I HAD an exchange with a United fan this morning.
I expected him to be full of the joys of Spring, what with it being actually Spring (definitely helps) and the fact that his team had just bested their rivals, in their rival’s own back yard. Oh, and to add to all the things that had already gone his way, the three points, the Spring that was definitely in the air, he had also seen Gerrard, often his nemesis, sent off after about 40 seconds. I mean, if I was him I’d be happy. Wouldn’t you?
But he wasn’t happy. He wasn’t happy because “there were twats in our end”.
Shortly after I spoke to a Liverpool fan. Obviously with his fortunes being the reverse of the United fan, and identical to my own, I fully expected the darkness in his mood. I fully expected the misery brought upon by failing to compete, by not being any good at the actual football and by seeing our talismanic skipper do something so unlike him, so unlike him to be unjustifiable and stupid at the same time. But in all honestly he wasn’t that bothered about any of that. He wasn’t that bothered because “there were twats in our end”.
Peculiar concept this, isn’t it?
I would’ve thought, depending on how charitable your outlook is to your fellow man and woman, that if you’re anywhere where there is likely to more than about eight people that you run the risk of encountering a “twat”.
Twats at work.
Twats on the bus.
Twats in the queue at Sainsburys who have collected loads of coupons, amassed billions of points on their nectar card and then scrutinise the bill and the work of the lowly-paid cashier to ensure they are actually saving the £1.27 that they are entitled to while you’re standing behind all of this and the frozen food that you bought, what seems like three days ago, starts to melt.
Twats are everywhere, right?
So how is Anfield, a place that holds over 45,000 actual humans, supposed to be “twat free”?
The obvious answer is that it isn’t but, I repeat, it’s peculiar that people expect it to be.
So, I went back to the United and the Liverpool fan, joined together across the M62 in their anti-twat stance, and asked them, “What were they doing, these “twats”?
Their answers were remarkably similar and centred around this concept of “not real fans” — a group of people who despite going to the match, despite wanting their team to win, despite financially supporting the club they, er, support will never quite make the transformation into “real fan” status. Doomed forever to play the role of “twat” and anger the self-identified “real fan”.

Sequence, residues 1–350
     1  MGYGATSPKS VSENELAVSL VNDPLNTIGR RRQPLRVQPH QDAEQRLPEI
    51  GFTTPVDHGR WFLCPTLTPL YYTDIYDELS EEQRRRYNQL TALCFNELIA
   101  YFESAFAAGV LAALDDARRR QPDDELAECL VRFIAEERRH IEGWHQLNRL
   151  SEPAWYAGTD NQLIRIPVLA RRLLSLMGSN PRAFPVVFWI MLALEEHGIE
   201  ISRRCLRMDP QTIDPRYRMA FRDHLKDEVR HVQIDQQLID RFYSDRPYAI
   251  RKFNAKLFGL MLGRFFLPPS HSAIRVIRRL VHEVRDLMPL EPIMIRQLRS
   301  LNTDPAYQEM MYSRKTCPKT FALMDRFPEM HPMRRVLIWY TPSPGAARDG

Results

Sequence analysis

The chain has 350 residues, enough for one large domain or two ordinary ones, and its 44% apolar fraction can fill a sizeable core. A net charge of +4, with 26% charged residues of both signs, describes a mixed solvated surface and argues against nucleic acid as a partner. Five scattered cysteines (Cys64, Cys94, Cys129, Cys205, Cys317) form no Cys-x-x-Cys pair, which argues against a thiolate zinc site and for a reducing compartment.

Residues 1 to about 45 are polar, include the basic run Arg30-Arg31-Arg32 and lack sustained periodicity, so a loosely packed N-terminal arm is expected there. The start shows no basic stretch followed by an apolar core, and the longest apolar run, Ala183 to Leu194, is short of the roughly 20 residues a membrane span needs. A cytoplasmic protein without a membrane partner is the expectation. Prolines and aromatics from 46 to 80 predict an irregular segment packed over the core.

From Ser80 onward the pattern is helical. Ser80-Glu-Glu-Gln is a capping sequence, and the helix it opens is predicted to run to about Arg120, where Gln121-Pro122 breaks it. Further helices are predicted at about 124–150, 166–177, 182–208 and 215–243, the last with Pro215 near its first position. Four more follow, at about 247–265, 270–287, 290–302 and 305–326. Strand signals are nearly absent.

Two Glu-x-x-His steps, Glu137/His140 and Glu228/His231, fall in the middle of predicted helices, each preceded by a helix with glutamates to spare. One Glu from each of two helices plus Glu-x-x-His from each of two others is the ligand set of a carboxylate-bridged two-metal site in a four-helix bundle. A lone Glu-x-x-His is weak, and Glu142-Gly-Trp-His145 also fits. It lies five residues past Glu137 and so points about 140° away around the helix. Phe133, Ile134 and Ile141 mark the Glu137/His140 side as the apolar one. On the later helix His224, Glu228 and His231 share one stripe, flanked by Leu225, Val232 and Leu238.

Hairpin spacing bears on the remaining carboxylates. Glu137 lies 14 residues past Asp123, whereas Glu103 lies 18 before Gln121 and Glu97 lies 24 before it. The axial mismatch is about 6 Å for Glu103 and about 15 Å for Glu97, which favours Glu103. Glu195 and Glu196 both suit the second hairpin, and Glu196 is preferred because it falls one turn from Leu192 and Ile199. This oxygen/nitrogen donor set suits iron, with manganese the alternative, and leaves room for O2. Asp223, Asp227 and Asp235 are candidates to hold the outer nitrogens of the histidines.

Interesting, I thought. Better make sure I’m not one of these “twats” then. What’s the profile? How can I stop myself being one and remain a “real fan”?
Apparently, it’s the little things, the devil in the detail. So I listened carefully and wrote it all down in my “How not to be a massive twat” book. Volume 17. And here’s what I learnt:
1) Taking photos is a complete no no.
Only to be possibly excused if a massive flare goes off or real fans of one club are hitting real fans of another club. The absolute worst crime here apparently is to take a photo of yourself at this game that you may have travelled hundreds of miles to get to. Rumour has it they got that rule from the newspaper seller outside The Empire State Building who gets REALLY annoyed when tourists take photos of that great big massive building he happens to work in front of. Sorry, you’ve done that too?
2) Hang on, did I say worst crime? Sorry, my mistake. Apparently doing all the above with a selfie stick is even worse.
I too tried to get angry at these when I first saw them but I found it really difficult because it’s fundamentally just a stick that you put your phone on so you can take a better picture of you and your mates from a higher and more flattering angle. Wish I’d thought of that. Sorry, my fault, went off message then. Yeah, selfie sticks. They’re bad and if you’ve got one you’re obviously a twat.
I’m posting it again because it’s that nuts. In The Paddock at Anfield today: pic.twitter.com/3dCzOCkE
— Gareth Roberts (@robbohuyton) October 7, 2012
3) A half and half scarf is the worst thing you can ever wear at a football match.